Crop Rotations and Cover Crop
Effects on Erosion Control, Tomato Yields and Soil Properties in Southwestern
Researcher: R.W. Johnston, Ag. Chemistry Section,
RCAT, Principal Researcher
- To enhance and maintain the physical and chemical properties
of coarse textured soils suitable for vegetable production,
and to find cost effective water and wind erosion control measures
to reduce soil degradation.
- The impact of adopting stewardship cropping practices in
vegetable production on coarse textured soils will be the preservation
and enhancement of the soil resource.
- Improved structure and organic matter reduce problems due
to root rots (vegetable crops are very susceptible to this).
Better soil structure will result in more even crops and growth.
This should result in higher yields and lower production costs
resulting in higher profitability for the farmer.
- The use of appropriate soil conservation measures within
the vegetable production systems will help to reduce wind and
water erosion on the farm as well as off site.
Weed control was more of a problem in 1992 due to frequent rains.
The tomatoes following the rye cover crop had the least weed escapes
from the first herbicide application. This was also true where soybeans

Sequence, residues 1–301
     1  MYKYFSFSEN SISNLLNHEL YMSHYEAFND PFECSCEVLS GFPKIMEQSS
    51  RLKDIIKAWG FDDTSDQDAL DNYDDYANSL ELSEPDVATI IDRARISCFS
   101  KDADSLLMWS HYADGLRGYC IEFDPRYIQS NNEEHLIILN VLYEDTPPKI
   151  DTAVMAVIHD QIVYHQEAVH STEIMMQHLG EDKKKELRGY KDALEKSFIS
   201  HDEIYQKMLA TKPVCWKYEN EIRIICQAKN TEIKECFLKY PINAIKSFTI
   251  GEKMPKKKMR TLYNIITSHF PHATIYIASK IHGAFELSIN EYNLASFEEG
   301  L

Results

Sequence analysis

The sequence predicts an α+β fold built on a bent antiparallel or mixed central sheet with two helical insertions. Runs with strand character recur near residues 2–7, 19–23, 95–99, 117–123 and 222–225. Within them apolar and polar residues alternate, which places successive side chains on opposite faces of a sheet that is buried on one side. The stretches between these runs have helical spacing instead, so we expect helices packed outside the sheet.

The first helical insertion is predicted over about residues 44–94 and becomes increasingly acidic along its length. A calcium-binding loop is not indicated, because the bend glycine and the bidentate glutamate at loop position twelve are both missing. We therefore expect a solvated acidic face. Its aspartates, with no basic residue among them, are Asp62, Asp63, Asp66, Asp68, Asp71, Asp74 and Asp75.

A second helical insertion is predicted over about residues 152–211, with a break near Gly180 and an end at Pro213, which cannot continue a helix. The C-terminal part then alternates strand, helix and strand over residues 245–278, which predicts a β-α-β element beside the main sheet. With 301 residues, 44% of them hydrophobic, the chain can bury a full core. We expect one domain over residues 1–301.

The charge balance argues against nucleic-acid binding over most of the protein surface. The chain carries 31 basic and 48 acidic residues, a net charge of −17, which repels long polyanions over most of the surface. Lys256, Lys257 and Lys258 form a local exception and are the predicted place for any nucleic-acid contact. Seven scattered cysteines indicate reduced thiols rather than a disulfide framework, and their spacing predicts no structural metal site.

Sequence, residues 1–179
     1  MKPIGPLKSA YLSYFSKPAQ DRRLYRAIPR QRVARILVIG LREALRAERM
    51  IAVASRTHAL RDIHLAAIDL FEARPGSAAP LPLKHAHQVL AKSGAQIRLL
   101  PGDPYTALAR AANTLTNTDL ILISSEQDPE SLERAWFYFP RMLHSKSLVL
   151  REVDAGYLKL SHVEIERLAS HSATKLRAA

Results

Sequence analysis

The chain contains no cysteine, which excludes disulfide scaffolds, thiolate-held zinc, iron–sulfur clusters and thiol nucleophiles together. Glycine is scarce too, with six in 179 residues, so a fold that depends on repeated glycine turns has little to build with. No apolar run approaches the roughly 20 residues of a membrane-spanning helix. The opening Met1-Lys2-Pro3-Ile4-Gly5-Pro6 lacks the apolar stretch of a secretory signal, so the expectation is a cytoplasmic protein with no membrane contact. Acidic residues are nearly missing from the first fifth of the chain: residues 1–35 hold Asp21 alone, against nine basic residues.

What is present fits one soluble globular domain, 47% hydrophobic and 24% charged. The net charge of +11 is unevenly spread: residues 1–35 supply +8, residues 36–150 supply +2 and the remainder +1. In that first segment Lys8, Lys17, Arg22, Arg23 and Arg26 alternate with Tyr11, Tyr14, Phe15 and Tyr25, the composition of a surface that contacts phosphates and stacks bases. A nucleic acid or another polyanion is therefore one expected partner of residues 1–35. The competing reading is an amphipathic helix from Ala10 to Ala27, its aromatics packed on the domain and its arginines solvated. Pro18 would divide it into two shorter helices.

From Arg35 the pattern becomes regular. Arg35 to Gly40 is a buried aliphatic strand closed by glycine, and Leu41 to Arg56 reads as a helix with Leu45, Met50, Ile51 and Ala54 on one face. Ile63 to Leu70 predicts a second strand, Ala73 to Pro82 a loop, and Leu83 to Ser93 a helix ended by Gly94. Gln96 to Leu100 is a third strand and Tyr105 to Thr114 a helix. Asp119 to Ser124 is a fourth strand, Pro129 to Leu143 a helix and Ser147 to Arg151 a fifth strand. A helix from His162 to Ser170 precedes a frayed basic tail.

followed a rye cover crop (rotation Soybeans-Tomatoes).
In 1992, no replanting was done with the transplanter due to
Colorado potato beetle, however, some plants were replaced by hand
at both locations to fill in for dead plants or those eaten off
at both locations to keep an even plant population.
As a result of crop rotation, soil structure and drainage appears
to be improving at both locations. Measurements need to be taken
to substantial these observations.
Yields at Leamington in 1992 were the highest since the project
began. The soil improving benefits of rotation appear to be gaining.
Continuous tomatoes continues to be the lowest yielding culture.
Those rotations in which tomatoes followed a legume - red clover
or alfalfa and those tomatoes following incorporation of large amounts
of straw showed improved growth and yield. The rye-tomato rotation
was one of the lower yielding rotations in 1992.
The continuous tomato culture has declining yields at Dresden
and is the lowest yielding culture each year. Similar to Leamington
the Soybean-Tomatoes rotation is next lowest yield rotation to continuous
culture. The highest yielding rotations at Dresden have been Alfalfa-Alfalfa-Tomatoes,
W. Wheat-Soybeans-Tomatoes and W.Wheat-Red Clover-Tomatoes which
indicate the desirability of a legume to be included in the rotation
and/or crop with large amount of residue.
Tomatoes have been quite response to nitrogen particularly in
Leamington and under continuous tomato culture at both locations.
Although the effect is not significant, nitrogen tended to increase
the green tomatoes slightly and Leamington and did give a significant
effect in Dresden in 1992.
In 1992 no yield results were taken as cover crops were set up very
late in the season. The tomatoes planted on fall beds with no tillage
in Dresden were struck by frost on May 24 and 25 and again on June
22. On the no tilled fall beds, growth was slowed severely. Plots
for 1993 had very good cover crop growth.
Tuesday, May 10, 2011 11:37:55 AM